Zoo animals and antics are well-loved among preschool children. Children enjoy imitating zoo animal sounds and body movements even before they enter preschool, particularly with playful songs such as "Five Little Monkeys." Introduce an assortment of creative zoo animal activities to supplement preschool lessons and delight each learner's imagination.
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Zoo Stories and Snacks
Read a zoo story, such as, "Zoo," by Gail Gibbons or "Dear Zoo," by Rod Campbell. Let the children help you make a special zoo snack that looks like a zoo animal in a cage. The children can spread frosting, cream cheese or peanut butter on a graham cracker. After placing an animal cracker on top, put black liquorice strings over the animal cracker to make the cage. Another delicious snack uses bananas, peanut butter, honey and crispy rice cereal. Let the children insert a Popsicle stick in one end of a halved banana. Ask them to spread peanut butter on the banana then add honey. Roll the bananas in crispy rice cereal and freeze them before serving.
Sponge Paint And Fingerprint Giraffes
Cut giraffe shapes out of orange or yellow construction paper. Pour black paint into foam trays or jar lids. Grasp a cotton ball with a clothes pin then show each child how to dip the cotton ball into the black paint and make spots on the giraffes. The children can also use their hands to make fingerprint giraffes with black, non-toxic paint or an ink pad on yellow paper. Trace a giraffe shape around the fingerprints. Help the children cut out the giraffes then glue them onto sheets of construction paper for the background.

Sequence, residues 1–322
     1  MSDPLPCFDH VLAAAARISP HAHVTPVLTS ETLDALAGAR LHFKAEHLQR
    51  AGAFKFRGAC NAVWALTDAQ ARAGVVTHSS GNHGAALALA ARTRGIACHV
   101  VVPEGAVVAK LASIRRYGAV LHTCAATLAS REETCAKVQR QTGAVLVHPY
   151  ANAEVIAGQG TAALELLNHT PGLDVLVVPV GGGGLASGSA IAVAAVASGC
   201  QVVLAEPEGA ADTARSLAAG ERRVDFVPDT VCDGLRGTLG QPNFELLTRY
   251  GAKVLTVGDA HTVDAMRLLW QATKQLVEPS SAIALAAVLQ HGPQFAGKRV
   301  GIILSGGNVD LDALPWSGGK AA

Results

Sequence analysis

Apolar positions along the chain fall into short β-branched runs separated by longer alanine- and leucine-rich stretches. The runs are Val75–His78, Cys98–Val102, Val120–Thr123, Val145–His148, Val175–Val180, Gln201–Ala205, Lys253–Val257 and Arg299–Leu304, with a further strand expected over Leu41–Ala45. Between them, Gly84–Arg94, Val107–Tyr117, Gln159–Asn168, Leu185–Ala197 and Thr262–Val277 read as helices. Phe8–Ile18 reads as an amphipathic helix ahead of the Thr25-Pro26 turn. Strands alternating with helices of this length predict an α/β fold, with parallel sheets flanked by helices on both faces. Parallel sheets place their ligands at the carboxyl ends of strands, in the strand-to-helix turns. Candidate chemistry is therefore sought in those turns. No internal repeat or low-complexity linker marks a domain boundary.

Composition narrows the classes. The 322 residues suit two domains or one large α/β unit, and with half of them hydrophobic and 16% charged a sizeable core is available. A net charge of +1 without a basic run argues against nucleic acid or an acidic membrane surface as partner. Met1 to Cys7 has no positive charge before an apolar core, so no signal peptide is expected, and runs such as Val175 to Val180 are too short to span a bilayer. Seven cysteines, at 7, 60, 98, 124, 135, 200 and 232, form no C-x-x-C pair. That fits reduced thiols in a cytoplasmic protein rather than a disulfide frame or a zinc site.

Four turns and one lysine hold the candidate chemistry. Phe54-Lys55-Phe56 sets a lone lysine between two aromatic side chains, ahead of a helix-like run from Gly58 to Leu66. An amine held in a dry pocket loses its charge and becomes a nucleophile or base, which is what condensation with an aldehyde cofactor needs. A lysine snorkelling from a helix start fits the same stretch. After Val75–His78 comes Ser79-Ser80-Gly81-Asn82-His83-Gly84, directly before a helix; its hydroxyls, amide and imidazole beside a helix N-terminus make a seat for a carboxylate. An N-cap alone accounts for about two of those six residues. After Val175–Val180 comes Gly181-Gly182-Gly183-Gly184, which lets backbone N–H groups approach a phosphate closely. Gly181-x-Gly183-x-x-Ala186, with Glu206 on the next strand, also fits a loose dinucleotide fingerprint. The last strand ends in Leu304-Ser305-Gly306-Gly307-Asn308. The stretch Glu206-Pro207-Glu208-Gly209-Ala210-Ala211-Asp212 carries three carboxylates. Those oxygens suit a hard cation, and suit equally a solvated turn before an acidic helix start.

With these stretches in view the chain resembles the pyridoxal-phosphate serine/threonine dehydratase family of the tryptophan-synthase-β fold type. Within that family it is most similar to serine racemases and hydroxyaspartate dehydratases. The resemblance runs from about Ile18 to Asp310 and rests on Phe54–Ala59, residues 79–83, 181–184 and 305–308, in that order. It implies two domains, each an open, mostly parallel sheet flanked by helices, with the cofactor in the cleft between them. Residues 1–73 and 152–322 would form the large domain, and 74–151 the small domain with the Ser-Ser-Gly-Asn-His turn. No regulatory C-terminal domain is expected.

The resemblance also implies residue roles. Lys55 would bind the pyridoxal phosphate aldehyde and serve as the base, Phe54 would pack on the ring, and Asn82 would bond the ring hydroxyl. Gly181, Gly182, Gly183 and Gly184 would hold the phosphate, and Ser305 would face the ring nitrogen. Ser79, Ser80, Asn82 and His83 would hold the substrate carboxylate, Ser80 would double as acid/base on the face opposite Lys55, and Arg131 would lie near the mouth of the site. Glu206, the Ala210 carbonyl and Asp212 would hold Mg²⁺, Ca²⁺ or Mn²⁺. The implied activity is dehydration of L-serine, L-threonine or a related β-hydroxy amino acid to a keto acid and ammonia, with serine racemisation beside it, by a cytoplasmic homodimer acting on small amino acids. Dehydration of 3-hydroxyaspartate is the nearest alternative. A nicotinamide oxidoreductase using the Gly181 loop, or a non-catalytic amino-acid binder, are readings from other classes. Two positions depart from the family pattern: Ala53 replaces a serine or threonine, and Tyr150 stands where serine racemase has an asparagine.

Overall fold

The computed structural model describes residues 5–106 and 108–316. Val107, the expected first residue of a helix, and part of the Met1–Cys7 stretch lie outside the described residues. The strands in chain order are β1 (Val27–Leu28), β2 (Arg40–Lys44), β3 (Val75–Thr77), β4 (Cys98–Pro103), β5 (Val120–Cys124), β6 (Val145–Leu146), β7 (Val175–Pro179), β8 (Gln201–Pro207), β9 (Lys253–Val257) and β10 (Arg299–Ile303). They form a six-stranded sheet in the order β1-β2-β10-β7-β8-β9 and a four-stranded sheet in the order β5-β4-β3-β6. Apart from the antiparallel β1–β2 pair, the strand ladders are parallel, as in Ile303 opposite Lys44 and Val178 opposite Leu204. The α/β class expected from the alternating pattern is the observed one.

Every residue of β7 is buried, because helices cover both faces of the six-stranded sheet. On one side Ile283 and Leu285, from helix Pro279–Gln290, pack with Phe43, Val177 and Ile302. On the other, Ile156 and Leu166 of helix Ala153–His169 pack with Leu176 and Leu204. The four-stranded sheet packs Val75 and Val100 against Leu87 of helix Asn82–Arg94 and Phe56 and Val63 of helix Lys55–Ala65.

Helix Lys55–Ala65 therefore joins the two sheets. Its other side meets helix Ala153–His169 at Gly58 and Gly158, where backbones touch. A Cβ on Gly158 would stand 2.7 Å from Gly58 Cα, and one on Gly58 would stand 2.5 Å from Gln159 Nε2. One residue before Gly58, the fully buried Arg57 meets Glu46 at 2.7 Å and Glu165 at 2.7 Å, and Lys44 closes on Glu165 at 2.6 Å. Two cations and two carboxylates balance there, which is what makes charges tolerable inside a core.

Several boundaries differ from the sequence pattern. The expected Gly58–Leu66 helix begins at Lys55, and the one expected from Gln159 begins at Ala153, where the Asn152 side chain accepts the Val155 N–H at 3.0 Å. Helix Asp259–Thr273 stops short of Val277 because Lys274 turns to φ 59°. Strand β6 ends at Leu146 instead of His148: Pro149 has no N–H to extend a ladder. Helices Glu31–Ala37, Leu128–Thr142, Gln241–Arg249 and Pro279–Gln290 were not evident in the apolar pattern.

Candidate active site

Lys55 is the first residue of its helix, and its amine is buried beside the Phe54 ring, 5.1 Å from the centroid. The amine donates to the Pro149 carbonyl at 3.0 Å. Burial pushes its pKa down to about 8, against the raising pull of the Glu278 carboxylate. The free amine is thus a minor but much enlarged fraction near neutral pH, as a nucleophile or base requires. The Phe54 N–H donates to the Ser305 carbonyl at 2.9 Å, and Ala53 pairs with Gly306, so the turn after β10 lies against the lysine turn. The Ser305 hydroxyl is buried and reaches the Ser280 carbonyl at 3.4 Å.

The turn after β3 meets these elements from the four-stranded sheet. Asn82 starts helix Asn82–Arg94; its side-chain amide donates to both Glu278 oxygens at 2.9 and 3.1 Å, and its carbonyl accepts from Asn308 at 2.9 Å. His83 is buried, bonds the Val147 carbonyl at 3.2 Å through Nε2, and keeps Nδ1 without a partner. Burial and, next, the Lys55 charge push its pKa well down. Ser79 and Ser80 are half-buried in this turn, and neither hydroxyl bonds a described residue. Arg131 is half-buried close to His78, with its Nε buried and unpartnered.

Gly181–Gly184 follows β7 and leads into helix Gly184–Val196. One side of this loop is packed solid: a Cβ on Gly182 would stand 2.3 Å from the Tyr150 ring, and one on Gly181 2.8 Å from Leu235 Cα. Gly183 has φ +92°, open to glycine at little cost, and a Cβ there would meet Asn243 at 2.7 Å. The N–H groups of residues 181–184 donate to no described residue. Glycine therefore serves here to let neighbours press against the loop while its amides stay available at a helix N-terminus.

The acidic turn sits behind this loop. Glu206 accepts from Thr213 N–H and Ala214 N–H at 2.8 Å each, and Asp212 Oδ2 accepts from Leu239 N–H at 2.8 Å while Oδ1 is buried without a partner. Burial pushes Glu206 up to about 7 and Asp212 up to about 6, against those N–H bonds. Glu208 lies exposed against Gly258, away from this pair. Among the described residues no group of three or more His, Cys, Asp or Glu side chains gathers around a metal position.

Zoo Picnic Activity
Ask the children to bring one of their favourite stuffed zoo animals from home. Have a zoo animal picnic in the classroom or outside. Schedule the picnic to coincide with the children's lunch time or serve a snack, such as animal crackers with milk. Talk about what kinds of foods their stuffed zoo animals would eat in the zoo.
Polar Bear Science Activity
Read "Polar Bear, Polar Bear, What Do You Hear?" by Eric Martin, Jr. then give each child a polar bear colouring page. Ask the children how they stay warm in cold weather. Talk about how the polar bear's thick fur and a layer of fat under the bear's skin help keep it warm in a cold environment. Put a zippered plastic bag inside of another identical bag. Put shortening inside one of the bags then seal the bags together. Gently knead the shortening inside the bags to distribute it evenly. Fill a container with ice water. Let a child place one hand in the bag and then into the water. Tell him to place his other hand into the water. Ask the child to share with the class which hand feels colder. Talk about how the shortening is like a layer of fat, protecting the child's hand from the effects of the cold water.
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